Remember this new pattern? It arrived last week. I was wondering how I would ever get around to making it with the queue of (no joke) 60 other patterns - at least 15 of which are serious contenders.
I decided that the easiest course of action would be simply to make it now. Then I won't have to worry about where to slot it in!
The little niggle of interest infected me one day last week (around the same time as the stomach bug) and it's all I've been able to think about since.
The construction of the pattern fascinates me. Those fold tucks (sewn on the right side, by the looks of it) are carefully interspersed with darts (the only other shaping tool) that are sewn, naturally, on the wrong side. There are no closures (yay!). You can pull it on because it's made in a stable knit. Of course, you know one can't really make an accurate muslin with a knit. Well, one can, but one needs to use the same fabric (s)he intends to use for the finished product. Which means one's often just making a wearable muslin first time out.
I've heard conflicting reports about the fit of this dress. Some say it runs large. Others say there isn't much ease. I decided, on the information that Butterick seems to cut large, that I would initially review my paper pattern to determine the amount of built-in ease (by measuring each piece individually), then factor in my fabric ease (a stable knit, about 2 inches IMO) and compare those against my actual measurements. It's a sound strategy but this pattern is so asymmetric on paper and oddly formed that I don't know if I can trust the measurements against those indicated on the package for the finished product. The actual measurements, in as much as I could figure out where to take them from, are quite a bit larger than my own dimensions.
To add to the challenge - I bought the size 14 - 20, not the 8 - 12, because I felt it would be safest to make the 14 based on sizing indicated on the package. Having said this - almost every time I make a Big 4 stable stretch pattern, I end up having to make it smaller. (This is the reason I've decided to start measuring the actual patterns going forward.) I'm beginning to think I'm a 12, package info notwithstanding.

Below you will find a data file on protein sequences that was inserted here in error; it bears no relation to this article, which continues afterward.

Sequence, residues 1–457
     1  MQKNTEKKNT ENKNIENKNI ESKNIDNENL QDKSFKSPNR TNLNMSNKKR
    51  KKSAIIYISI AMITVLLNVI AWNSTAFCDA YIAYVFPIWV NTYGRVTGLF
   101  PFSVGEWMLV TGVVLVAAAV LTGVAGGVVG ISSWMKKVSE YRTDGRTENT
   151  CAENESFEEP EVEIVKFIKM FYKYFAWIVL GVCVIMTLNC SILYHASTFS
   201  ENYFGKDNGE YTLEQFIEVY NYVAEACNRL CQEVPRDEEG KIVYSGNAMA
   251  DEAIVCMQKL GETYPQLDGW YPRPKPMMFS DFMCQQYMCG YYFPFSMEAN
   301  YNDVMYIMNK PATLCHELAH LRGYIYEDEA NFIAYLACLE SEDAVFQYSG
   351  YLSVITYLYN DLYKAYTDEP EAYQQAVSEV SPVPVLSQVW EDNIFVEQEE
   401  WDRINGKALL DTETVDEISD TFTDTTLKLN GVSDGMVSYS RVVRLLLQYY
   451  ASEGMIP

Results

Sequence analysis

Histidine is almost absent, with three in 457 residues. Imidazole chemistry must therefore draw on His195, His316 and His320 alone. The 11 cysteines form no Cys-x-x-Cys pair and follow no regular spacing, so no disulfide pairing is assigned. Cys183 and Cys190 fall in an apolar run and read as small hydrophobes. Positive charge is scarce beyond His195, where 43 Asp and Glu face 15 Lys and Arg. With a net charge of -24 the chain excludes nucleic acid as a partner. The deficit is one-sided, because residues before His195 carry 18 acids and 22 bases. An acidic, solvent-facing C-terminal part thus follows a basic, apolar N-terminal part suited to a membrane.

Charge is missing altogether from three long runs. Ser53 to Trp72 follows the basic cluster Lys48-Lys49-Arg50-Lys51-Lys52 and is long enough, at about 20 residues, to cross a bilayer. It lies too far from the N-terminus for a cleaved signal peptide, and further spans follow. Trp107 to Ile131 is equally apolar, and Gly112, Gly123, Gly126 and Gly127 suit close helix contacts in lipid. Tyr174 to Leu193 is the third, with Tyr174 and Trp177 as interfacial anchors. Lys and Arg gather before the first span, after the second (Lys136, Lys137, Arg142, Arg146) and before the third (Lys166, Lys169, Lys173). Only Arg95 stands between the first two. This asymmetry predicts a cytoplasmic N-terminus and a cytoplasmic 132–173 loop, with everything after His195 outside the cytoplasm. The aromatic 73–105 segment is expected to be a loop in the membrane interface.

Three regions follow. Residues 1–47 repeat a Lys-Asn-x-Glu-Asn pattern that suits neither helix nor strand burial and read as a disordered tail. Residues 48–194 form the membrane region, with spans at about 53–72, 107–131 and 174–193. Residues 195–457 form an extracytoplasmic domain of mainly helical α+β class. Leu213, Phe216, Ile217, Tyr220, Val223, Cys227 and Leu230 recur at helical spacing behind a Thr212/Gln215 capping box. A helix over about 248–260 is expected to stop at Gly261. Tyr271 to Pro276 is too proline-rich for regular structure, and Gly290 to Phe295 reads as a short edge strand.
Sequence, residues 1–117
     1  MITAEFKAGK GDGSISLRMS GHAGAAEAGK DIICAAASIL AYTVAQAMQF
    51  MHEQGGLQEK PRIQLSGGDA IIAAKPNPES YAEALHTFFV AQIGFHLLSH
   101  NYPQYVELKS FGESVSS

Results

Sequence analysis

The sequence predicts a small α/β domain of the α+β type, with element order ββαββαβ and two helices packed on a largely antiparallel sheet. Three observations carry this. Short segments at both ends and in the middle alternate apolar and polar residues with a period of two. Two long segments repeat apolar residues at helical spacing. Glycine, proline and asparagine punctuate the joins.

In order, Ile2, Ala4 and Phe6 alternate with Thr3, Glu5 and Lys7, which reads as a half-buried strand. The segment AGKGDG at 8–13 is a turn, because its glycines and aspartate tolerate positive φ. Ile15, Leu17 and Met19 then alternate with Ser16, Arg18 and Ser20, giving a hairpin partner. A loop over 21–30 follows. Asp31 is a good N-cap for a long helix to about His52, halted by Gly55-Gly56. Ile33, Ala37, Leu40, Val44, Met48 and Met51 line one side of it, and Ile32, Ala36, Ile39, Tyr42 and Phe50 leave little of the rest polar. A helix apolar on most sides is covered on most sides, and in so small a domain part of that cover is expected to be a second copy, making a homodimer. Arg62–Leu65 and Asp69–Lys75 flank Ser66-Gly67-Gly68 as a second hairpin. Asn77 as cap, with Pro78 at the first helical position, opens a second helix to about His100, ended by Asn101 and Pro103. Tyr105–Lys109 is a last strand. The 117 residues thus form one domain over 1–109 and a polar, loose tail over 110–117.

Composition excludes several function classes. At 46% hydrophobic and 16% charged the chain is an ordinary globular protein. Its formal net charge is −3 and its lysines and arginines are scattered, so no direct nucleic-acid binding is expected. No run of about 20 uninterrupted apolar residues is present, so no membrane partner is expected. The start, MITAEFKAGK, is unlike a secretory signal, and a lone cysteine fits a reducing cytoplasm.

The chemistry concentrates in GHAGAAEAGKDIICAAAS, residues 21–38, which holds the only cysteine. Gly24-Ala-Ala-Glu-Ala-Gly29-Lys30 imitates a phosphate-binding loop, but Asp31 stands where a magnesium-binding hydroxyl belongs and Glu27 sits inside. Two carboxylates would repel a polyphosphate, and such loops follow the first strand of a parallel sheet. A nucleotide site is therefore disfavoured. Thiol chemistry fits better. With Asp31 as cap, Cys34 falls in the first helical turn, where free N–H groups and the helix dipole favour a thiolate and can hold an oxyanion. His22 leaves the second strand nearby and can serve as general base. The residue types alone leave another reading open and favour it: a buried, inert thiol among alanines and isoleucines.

On a related note: It drives me nuts when they split the pattern between a 12 and 14 because I don't have the luxury of reviewing both sizes and choosing the closer one. I'm stuck with one that's likely too big, or another that may be too small, unless I want to buy both size packets. Yes, I know that's why alterations exist. But not all alterations are created equal and I like to choose the easier path.
Oh, and while I'm bitching, has anyone else noticed that there's an error in the size 14? There's no interfacing piece 5! They printed piece 5 in the size 16 twice and omitted the size 14. It's not a disaster - I'll just have to adjust the facing piece in the 16 to meet the dimensions of the neck line, but that is kind of irritating - esp. given the weirdness of this paper pattern. It took me an hour of running around like a chicken before I figured out what was going on.
Happily, I have a lovely fabric for this - a burnt orange (but still rather bright) double knit.
My next step will be to trace the multi-sized pieces (all but the facing) and then to cut the fabric. Marking the folds and the darts with accuracy is de rigeur here. I'm intrigued to see how this progresses.
More to come...